The United Nations Educational, Scientific and Cultural Organization (UNICEF) has said it will set up a system that will facilitate the direct funding of teachers in war-torn Afghanistan without channeling the money to the country’s de facto authorities – of the Taliban. In an email to Reuters, the head of UNICEF’s Education in Afghanistan, Jeannette Vogelaar, said the UN agency would soon begin registering all teachers of public schools in the country.
Vogelaar pointed out that the “best way” to support girls’ education in Afghanistan is to “continue to support their schools and teachers.” “UNICEF calls on donors not to let the children of Afghanistan down,” she told Reuters.
Afghanistan has remained plunged into economic misery since several international organizations, including the World Bank and the International Monetary Fund (IMF), seized loans. The United States has also stopped more than $ 9 billion in reserves at the country’s central bank. These decisions were made shortly after the Taliban took over Afghanistan after two decades on 15 August.
Although the Islamist militant group has called for international recognition of its interim government in Afghanistan, incidents of total repression and brutality during its previous regime in the 1990s have forced most countries to do so. Many leading world leaders, including US President Joe Biden – who came under heavy scrutiny following his decision to withdraw troops from Afghanistan earlier this year – have spoken out against the Taliban’s actions.
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Despite repeating that it will respect human rights, and allow girls and women to get an education and a job, the reality has apparently been much different. Shortly after the Taliban ousted former Afghan President Ashraf Ghani under the leadership of the government, women were not allowed to go to work and were even replaced by male colleagues.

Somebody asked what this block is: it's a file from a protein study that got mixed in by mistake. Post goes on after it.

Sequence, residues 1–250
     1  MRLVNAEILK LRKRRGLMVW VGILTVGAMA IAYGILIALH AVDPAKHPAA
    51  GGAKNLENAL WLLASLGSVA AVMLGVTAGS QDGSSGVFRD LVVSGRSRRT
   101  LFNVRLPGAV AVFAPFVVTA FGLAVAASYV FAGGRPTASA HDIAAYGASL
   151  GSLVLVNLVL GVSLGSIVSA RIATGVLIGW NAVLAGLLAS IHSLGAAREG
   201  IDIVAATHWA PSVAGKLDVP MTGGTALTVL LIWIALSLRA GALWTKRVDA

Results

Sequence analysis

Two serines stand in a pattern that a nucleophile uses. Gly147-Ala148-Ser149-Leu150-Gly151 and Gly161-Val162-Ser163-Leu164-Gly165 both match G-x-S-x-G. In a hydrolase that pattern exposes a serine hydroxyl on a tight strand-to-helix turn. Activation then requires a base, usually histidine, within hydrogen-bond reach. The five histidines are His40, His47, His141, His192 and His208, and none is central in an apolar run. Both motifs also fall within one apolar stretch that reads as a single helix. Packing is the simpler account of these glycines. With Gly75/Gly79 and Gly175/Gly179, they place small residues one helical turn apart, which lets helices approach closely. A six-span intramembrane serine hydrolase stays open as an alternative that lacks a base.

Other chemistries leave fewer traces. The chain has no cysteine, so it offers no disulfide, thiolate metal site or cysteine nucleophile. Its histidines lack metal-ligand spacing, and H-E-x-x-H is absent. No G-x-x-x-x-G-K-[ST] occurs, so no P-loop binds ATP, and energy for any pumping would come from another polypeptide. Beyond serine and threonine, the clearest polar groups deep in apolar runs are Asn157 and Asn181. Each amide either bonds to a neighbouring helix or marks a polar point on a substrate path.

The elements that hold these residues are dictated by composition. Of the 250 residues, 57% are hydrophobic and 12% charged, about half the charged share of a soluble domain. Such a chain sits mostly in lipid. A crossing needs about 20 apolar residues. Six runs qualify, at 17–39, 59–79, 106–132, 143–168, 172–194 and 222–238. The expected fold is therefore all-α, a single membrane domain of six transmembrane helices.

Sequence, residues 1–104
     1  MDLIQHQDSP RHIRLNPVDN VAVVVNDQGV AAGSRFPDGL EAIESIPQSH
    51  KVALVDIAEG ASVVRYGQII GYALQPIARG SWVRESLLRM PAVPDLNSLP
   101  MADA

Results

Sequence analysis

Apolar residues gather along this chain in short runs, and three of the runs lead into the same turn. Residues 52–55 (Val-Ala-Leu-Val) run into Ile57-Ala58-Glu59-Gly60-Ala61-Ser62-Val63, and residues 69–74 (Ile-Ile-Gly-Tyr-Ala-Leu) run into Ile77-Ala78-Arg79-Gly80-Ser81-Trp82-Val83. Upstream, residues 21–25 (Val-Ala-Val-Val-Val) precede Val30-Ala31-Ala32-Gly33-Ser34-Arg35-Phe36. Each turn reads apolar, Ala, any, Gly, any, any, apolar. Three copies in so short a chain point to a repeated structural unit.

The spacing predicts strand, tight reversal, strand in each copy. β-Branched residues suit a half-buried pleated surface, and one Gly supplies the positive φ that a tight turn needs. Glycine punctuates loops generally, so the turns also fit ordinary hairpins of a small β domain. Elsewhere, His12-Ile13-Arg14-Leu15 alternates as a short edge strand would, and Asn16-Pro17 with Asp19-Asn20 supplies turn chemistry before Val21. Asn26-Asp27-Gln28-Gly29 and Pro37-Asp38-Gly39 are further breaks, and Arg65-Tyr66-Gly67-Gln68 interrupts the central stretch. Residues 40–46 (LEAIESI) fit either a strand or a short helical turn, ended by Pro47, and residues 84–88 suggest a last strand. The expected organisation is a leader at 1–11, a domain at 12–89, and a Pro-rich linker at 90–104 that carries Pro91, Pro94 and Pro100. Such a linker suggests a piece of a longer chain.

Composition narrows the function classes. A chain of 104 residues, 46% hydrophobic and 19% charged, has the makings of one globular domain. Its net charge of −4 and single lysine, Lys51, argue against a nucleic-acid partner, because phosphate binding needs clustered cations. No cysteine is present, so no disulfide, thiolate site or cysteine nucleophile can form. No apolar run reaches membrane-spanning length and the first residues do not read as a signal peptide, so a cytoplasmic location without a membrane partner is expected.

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In September, the group announced the reopening of schools for grades six to 12 only for boys and male teachers, but did not mention when girls could return. The Taliban group Zabihullah Mujahid had said in the same month that they were “finalizing things” and that girls would return to schools soon. However, there has been no update on that so far.
Notably, schools for girls up to grades six and even university have remained functional.
This has in a way reinforced the fears and worries of the international community about the Islamists bringing back their harsh ideologies.
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Taliban’s director of external programs and aid at Afghanistan’s Ministry of Education, Waheedullah Hashimi, told Reuters there would soon be “good news” about the reopening of secondary schools for girls.
“We are working mainly with UNICEF and some other international organizations … to come up with a good solution … we have meetings on a daily basis,” he added.
Hashimi added that economic difficulties are a “problem” for the group in Afghanistan, and they ask the international community and organizations, “especially those who have funds for emergencies, to help us in this regard.”